Suppose D=(V,A)D=(V,A) is a digraph and vVv\in V. The in-neighborhood of vv in DD, denoted N D (v)N^{\rightarrow}_D(v), is the set {uV:(u,v)A}\{ u\in V\colon (u,v)\in A\}. The out-neighborhood of vv in DD, denoted N D (v)N^{\leftarrow}_D(v), is the set {uV:(v,u)A}\{ u\in V\colon (v,u)\in A\}.

We note that the rationale for the slightly non-standard notation N D (v)N^{\leftarrow}_D(v) is to have it be intuitively understandable: the arrow points away from the vertex and points to the letter which stands for the set which contains the out-neighbours.


(in-degree, out-degree)

Suppose D=(V,A)D=(V,A) is a digraph and vVv\in V. The in-degree of vv in DD, denoted d D (v)d^{\rightarrow}_D(v), is the cardinality of the in-neighborhood of vv in DD. The out-degree is defined analogously.

The axiom implies—digraphs being irreflexive— that always ¬(P(i)=P(i+1))\neg \, (P(i)=P(i+1)). Walks are only allowed to be non-injective every other step, so to speak.


In a sense the least injective walk is obtained by considering any digraph containing a 2-cycle (see below) CC, taking α=ω\alpha=\omega and defining PP to alternate back and forth on CC forever. This walk has a two-element image.


(start vertex, AA-BB-walk in a digraph)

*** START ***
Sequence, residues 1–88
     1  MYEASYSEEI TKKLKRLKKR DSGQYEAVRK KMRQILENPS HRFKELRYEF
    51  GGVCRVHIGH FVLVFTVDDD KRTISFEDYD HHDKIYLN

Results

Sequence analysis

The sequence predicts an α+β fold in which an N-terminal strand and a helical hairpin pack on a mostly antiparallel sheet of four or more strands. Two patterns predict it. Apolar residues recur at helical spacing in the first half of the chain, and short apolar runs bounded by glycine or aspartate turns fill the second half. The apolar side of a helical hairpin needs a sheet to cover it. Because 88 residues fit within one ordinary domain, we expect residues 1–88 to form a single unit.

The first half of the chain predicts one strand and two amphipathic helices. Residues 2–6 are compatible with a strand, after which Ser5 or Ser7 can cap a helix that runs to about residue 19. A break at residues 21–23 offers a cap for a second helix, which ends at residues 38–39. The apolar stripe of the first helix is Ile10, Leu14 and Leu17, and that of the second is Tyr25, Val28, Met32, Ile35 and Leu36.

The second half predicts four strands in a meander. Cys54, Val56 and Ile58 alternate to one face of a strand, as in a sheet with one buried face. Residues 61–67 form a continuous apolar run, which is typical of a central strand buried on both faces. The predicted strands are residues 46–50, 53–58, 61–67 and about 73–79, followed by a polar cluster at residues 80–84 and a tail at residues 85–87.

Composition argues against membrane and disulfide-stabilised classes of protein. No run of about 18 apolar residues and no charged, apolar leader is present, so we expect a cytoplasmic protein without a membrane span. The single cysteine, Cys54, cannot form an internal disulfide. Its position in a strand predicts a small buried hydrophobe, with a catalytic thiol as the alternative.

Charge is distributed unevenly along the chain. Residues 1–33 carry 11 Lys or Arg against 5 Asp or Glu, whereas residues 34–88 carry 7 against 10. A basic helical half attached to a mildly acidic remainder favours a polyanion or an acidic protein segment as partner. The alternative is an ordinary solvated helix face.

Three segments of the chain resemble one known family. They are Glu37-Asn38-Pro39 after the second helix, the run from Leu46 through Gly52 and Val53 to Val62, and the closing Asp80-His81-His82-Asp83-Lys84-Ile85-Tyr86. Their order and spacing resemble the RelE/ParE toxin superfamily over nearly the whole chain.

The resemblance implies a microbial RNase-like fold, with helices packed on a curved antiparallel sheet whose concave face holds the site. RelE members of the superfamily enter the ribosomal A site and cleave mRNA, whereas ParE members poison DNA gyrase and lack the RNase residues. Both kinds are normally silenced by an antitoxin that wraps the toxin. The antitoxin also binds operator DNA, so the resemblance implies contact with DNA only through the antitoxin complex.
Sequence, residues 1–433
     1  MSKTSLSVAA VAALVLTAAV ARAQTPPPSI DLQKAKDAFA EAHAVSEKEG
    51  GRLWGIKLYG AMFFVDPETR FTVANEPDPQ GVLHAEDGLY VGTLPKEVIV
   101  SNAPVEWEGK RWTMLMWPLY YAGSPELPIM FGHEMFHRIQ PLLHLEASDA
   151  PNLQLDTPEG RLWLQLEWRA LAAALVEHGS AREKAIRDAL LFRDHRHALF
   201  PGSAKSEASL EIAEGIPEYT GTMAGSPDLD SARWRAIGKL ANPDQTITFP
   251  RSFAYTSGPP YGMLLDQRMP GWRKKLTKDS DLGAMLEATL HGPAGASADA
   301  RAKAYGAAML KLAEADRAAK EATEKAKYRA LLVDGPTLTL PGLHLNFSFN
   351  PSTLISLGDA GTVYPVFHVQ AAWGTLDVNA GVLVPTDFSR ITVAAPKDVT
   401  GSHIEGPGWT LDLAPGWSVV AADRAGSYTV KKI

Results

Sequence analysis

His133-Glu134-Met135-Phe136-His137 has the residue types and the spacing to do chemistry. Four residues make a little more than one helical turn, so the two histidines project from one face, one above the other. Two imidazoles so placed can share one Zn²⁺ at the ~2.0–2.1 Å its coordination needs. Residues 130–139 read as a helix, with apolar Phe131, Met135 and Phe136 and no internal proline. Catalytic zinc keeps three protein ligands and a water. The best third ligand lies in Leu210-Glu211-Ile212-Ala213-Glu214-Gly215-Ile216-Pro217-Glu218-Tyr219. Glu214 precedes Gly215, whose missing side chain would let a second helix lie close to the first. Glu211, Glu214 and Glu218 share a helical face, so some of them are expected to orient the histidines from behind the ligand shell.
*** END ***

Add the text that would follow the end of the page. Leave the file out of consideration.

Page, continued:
Suppose D=(V,A)D=(V,A) is a digraph. Suppose αPV\alpha\overset{P}{\rightarrow} V is a non-empty walk in DD. Then P(0)P(0) is called the start vertex of PP. Suppose that A,BA,B are subsets of VV, not necessarily disjoint. Then PP is an AABB-path if and only if α>0\alpha\gt 0 is a finite ordinal and P(0)AP(0)\in A, P(α1)BP(\alpha-1)\in B and 0<i<α10\lt i\lt \alpha-1 implies ¬(P(i)AB)\neg\, (P(i)\in A\cup B). If A={a}A=\{a\} and B={b}B=\{b\} are singletons, one also writes aabb-path for {a}\{a\}{b}\{b\}-path.

Discussion of weak trails from a previous revision mentioned Power’s proof of unique interpretability of pasting schemes.

The standard term in topology for a path which is free of self-intersections is arc (eg Kowalksky 1965, Definition 29b). As a saving grace, the standard way to rigorously define the arcs of plane digraphs uses precisely the topological arcs.

Allowing 2-cycles, yet neither loops nor parallel arcs, has become a standard meaning of digraph in combinatorics.


(acyclic digraph (DAG); classical definition)

Suppose D=(V,A)D=(V,A) is a digraph. Then DD is called acyclic if and only if there does not exist any cycle in DD.

A usual abbreviation in combinatorics for acyclic directed graph is DAG.

Here, “classical” refers to the negative definition.

The set of all weak cycles of a digraph DD is denoted WeCy(D)\mathrm{WeCy}(D).

The following non-standard definition is useful in when constructing proofs of Power’s pasting theorem:


(constructive acyclic digraph (cDAG))

A constructive acyclic digraph is a triple D=(V,A,z)D=(V,A,z) of data

  • a digraph (V,A)(V,A)
  • a function z:WeCy(D)Vz\colon\mathrm{WeCy}(D)\rightarrow V

subject to the axioms

  • for each PWeCy(D)P\in \mathrm{WeCy}(D), z(P)image(P)z(P) \in \mathrm{image}(P)